Wyoming prenatal and postpartum care down in new mothers
The most recent Wyoming Kids Count Data Book shows that one out of every five women in the state received less than adequate prenatal care in 2020. Plus, the number of women dying during pregnancy, delivery or up to one year after giving birth is increasing as well. This is part of a nationwide trend.
Micah Richardson, director of programs at the Wyoming Community Foundation, which publishes the data book, said the lack of prenatal care is most likely due to the rural nature of Wyoming.
"When you're living in a really rural area, it's difficult to access that care," said Richardson. "And so ensuring that we continue to have those resources or also providing tele-health to women could be helpful."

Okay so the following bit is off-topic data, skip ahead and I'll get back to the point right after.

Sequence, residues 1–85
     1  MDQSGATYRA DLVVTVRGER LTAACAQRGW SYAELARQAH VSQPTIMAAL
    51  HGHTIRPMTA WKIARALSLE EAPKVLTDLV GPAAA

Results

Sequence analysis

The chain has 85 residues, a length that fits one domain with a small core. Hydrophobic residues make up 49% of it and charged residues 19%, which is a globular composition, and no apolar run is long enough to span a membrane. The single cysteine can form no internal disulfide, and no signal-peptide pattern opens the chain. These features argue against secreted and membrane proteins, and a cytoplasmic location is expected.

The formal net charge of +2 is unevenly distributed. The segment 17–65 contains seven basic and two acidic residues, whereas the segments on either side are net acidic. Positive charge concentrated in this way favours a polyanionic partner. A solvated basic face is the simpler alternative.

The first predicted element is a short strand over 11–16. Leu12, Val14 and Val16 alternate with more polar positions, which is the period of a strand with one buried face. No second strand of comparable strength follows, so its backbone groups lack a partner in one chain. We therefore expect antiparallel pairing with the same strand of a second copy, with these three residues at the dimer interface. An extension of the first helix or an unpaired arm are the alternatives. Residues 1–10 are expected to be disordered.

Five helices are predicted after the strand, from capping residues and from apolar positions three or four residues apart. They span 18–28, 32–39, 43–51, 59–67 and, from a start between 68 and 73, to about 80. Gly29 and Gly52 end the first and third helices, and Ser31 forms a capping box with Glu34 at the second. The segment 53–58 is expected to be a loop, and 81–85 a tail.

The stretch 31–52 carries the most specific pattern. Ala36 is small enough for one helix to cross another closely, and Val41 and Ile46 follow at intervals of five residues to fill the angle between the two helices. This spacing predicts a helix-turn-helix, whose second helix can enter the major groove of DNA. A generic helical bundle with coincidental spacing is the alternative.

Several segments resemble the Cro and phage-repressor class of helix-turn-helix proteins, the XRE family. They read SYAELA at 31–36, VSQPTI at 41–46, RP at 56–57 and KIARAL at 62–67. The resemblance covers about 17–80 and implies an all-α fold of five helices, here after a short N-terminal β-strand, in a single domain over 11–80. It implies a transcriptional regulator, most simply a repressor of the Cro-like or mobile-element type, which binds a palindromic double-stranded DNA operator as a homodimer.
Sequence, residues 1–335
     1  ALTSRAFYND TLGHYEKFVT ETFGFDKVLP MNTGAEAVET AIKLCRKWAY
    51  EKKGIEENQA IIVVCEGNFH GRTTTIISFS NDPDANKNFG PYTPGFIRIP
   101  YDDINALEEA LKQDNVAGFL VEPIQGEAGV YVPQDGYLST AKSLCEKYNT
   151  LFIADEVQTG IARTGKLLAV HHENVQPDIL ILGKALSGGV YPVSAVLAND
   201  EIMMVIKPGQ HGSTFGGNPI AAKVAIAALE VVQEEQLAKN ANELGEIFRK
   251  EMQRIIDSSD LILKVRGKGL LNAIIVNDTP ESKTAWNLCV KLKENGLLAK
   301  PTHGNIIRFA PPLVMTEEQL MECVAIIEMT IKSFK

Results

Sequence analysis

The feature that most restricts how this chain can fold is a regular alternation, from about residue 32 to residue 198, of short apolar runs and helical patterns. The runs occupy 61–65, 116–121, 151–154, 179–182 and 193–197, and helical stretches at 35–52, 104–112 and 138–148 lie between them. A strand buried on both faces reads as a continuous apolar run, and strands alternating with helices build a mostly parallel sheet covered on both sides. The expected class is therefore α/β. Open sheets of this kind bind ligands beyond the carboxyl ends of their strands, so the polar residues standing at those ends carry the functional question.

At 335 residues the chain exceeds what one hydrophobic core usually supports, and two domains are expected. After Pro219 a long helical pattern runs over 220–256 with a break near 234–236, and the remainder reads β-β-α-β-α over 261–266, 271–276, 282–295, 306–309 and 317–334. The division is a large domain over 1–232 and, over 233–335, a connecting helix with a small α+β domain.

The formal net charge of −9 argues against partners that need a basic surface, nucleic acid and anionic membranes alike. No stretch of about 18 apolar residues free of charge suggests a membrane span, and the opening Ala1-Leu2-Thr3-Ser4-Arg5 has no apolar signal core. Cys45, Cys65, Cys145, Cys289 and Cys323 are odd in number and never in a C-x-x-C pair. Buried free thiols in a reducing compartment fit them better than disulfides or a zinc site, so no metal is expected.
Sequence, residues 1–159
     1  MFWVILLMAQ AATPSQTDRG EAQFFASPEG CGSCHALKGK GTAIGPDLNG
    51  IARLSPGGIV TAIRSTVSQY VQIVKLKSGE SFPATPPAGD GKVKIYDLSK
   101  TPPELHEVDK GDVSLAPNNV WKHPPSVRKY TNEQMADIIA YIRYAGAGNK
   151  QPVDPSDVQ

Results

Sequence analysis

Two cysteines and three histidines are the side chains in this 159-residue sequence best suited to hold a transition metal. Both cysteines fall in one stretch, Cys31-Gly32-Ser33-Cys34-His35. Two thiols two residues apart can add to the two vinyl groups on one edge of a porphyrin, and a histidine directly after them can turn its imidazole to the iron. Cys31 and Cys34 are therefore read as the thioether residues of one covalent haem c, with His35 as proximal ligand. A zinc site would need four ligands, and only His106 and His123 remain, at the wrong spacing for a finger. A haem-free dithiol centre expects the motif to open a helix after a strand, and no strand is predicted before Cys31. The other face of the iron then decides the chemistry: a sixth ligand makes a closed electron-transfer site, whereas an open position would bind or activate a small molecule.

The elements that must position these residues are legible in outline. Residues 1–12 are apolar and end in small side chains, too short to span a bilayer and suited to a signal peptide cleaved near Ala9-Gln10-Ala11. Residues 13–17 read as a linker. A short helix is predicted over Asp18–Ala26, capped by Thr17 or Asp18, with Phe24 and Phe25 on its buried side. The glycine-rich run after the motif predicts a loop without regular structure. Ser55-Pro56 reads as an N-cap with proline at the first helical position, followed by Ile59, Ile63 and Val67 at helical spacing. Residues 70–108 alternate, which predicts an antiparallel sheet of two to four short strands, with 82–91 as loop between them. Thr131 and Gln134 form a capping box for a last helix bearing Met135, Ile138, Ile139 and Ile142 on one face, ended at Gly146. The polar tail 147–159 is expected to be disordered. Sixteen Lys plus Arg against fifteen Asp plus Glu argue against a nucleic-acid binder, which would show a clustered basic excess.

Richardson said during the pandemic, federal emergency response extended postpartum medicaid coverage for a year after birth rather than two months. Data shows that Wyomingites took advantage of this.
"The more care you can provide following that year of birth the better the outcomes right?" she said. "Just because the health care ends then doesn't mean that the needs are gone."
States that have extended postpartum medicaid coverage saw a decrease of maternal maternity. Richardson said Wyoming should take the opportunity to permanently extend this care. The data book is a collaboration with the Wyoming Survey & Analysis Center.